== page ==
Hitchcock Ichnological Cabinet

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Hitchcock Ichnological Cabinet.

The Hitchcock Ichnological Cabinet is a collection of fossil footmarks assembled between 1836 and 1865 by Edward Hitchcock (1793–1864), noted American geologist, state geologist of Massachusetts, United States, and President of Amherst College.

Begun when the science of ichnology (the study of tracks) was unknown and made chiefly from the fossils of the Connecticut River Valley (Connecticut River Valley trackways), by 1875 this collection consisted of 21,773 tracks representing 120 species. It is the world's largest collection of dinosaur tracks.[1][2]

Starting in 1855, the collection was located in the lower level of Appleton Cabinet on the Amherst College campus. It has subsequently been twice relocated, and can now be found in the Amherst College Museum of Natural History.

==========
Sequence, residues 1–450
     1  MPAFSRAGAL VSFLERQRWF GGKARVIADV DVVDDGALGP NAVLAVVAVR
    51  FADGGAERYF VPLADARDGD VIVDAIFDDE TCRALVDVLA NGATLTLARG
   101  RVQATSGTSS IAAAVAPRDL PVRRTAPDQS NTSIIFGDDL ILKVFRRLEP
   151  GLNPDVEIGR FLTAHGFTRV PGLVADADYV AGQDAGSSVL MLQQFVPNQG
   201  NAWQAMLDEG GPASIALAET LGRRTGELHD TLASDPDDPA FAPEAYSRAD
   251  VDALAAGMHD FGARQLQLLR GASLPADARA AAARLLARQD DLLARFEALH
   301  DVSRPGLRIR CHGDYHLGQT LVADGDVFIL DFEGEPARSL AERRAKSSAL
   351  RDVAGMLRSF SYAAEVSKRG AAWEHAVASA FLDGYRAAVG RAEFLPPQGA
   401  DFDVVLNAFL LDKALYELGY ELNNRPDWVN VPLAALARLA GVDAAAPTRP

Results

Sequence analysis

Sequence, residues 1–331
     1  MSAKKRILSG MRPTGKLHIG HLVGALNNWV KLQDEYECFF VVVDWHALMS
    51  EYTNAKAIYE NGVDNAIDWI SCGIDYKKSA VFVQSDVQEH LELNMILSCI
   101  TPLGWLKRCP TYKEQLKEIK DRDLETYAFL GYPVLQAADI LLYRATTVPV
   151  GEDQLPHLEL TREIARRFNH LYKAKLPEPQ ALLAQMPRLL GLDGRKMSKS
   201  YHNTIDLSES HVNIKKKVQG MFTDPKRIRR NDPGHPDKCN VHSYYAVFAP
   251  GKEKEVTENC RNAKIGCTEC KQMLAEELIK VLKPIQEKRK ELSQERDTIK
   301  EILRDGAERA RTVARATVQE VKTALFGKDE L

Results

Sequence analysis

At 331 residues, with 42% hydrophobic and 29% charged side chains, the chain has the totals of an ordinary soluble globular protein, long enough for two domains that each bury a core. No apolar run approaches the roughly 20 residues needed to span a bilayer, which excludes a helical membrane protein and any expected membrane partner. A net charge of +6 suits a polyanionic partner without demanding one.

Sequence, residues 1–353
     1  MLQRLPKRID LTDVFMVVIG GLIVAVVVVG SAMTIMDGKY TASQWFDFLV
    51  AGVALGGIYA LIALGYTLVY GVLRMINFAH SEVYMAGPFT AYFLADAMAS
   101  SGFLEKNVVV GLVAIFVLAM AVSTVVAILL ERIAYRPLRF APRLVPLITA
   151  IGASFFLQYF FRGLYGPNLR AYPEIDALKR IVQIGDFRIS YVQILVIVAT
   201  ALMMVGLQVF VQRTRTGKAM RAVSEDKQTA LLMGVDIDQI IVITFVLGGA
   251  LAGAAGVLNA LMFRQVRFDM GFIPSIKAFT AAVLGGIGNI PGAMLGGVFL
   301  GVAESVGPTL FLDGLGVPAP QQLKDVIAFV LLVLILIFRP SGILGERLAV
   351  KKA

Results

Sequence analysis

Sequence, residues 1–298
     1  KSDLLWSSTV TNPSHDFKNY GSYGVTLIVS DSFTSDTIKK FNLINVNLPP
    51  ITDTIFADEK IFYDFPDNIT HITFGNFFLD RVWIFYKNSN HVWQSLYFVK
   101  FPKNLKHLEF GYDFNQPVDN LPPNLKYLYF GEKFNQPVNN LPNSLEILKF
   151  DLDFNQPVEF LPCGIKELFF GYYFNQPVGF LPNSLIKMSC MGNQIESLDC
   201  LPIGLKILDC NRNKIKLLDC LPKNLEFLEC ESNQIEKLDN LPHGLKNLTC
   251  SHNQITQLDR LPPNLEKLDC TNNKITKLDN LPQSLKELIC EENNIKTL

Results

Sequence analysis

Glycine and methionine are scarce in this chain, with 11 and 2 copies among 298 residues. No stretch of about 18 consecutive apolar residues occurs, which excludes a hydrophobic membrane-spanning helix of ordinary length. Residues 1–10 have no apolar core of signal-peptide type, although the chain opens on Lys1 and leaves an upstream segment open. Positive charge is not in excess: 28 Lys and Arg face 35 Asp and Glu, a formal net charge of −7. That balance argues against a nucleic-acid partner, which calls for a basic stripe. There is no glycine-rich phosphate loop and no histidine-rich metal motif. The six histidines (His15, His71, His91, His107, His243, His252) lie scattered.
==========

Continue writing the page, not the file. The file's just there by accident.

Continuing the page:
See also[edit]


  1. ^ "'Curious Footprints': New Book by Nancy Pick and Frank Ward About Amherst College's Dinosaur Tracks". Ascribe Higher Education News Service. 2006-07-12. Retrieved 2008-03-31. 
  2. ^ Pick, Nancy; Frank Ward (2006). Curious Footprints: Professor Hitchcock's Dinosaur Tracks. Amherst College Press. ISBN 0943184096. 

Further reading[edit]

  • E. Hitchcock, "An attempt to discriminate and describe the animals that made the fossil footmarks of the United States, and especially of New England", American Academy of Arts & Sciences Memoir, 3:129–256. 1848.
  • E. Hitchcock, Ichnology of New England: A report on the sandstone of the Connecticut Valley, especially its fossil footmarks, Commonwealth of Massachusetts, 220 pp. 1858.
  • E. Hitchcock, Supplement to the Ichnology of New England, Commonwealth of Massachusetts, 96 pp. 1865.
  • C. H. Hitchcock, A synopsis of the genera and species of the Lithichnozoa in the Hitchcock Ichnological Museum of Amherst College, unpublished document, Pratt Museum of Natural History, Amherst College, 1859.

External links[edit]

Coordinates: 42°22′19.07″N 72°30′51.26″W / 42.3719639°N 72.5142389°W / 42.3719639; -72.5142389